Thursday, February 19, 2009

America: Racism = Dehumanization = Terrorism--i.e. people behaving terribly

This, just in from my girl Anji from across the pond. It's a documentary of an exercise conducted by a teacher in Riceville, Iowa to teach a lesson in discrimination: one I think we all could learn from.

For me, there are so many lessons and parallels to draw from this. But it's not only about me; it's about all of us. Please watch, listen, and share with us. As you do, think about the following:

  • Who introduced you to, taught you, your assumptions and fears?
  • Who put them in a position of authority to make and teach those assumptions?
  • Would you like to be treated in the same fashion?
  • Do you still hold some of the assumptions taught to you? If not, what brought about the change of mind?
  • Why is possible to make someone feel bad about a birth attribute (i.e. the color of their eyes)?
  • Do you need to view someone as inferior to feel good about yourself?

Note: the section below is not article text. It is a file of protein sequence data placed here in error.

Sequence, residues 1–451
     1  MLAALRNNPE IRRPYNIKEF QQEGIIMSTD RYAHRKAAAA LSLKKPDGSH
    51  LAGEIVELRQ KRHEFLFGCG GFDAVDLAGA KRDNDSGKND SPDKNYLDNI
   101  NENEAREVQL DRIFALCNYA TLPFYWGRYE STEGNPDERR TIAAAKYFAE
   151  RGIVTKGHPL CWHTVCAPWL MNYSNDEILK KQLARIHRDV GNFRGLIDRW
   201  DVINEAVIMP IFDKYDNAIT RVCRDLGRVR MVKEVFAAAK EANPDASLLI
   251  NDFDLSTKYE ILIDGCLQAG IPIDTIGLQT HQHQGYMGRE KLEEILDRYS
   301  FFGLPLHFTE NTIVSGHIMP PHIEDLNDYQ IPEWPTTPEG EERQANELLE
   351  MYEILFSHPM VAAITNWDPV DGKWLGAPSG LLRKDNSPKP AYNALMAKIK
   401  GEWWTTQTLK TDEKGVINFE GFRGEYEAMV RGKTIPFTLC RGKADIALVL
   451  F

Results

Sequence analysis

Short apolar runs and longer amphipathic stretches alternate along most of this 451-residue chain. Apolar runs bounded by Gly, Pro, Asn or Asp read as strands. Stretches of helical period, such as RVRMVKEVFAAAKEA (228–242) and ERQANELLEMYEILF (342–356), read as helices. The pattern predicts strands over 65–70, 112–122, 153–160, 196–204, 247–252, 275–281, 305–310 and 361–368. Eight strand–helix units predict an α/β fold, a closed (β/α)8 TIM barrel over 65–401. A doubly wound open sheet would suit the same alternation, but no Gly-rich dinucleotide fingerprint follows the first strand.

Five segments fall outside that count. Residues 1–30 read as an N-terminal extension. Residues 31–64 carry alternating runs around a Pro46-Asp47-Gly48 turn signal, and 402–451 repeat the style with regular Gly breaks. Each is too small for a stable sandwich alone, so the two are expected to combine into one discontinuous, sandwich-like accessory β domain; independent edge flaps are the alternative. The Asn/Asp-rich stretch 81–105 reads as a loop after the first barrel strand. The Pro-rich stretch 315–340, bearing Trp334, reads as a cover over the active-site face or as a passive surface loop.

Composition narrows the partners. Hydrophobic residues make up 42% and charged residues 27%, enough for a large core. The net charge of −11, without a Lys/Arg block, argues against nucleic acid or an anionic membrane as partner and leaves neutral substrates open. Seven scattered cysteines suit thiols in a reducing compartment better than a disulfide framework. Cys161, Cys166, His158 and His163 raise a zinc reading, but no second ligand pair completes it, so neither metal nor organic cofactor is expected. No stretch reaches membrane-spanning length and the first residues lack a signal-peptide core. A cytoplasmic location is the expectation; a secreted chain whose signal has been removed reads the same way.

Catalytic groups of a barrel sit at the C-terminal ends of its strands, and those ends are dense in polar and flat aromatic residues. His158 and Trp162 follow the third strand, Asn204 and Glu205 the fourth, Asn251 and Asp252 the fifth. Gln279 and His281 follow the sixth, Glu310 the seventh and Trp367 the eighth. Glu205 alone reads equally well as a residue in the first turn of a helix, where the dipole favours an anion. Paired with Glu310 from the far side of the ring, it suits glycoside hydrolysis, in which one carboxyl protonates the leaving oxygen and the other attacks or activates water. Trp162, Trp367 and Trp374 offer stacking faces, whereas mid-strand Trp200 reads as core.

• If you are aware of injustice and do nothing; are you guilty of the same injustice?

Thanks Anji: one love, one people, one world, one cause--that we all may be free.


Anji said...

I'm glad you went to see this. My daughter who is studying psychology first saw this as part of her course.

I was raised on a farm in the English countryside and had no notion whatsoever of descrimination until my teens. (I was punched in the stomach for my 'stupidity') I was twenty when someone made a remark about catholics being selfish. I only knew one catholic at the time and a more welcoming family you couldn't find. I found all of this very hard to understand - why waste life measuring up other poeple?

I think that people do tend to look for a way to make themselves feel better. Unfortunately, in some cases it can be very dangerous

The lady who had the idea of the eyes game found a simple way to teach people how to think.

Iam Robert said...


I'm not sure it would be politically correct in the US these days, but I think all senior school children should be required to play this game--if nothing else, they would know how prejudice REALLY feels and makes YOU behave. What I found most interesting is that the kids who were prejudiced against hated traits about themselves that, only a day ago, were perfectly okay. some credence to the hold "racial social programming" idea and problems in black communities.

Any who, thanks for sharing!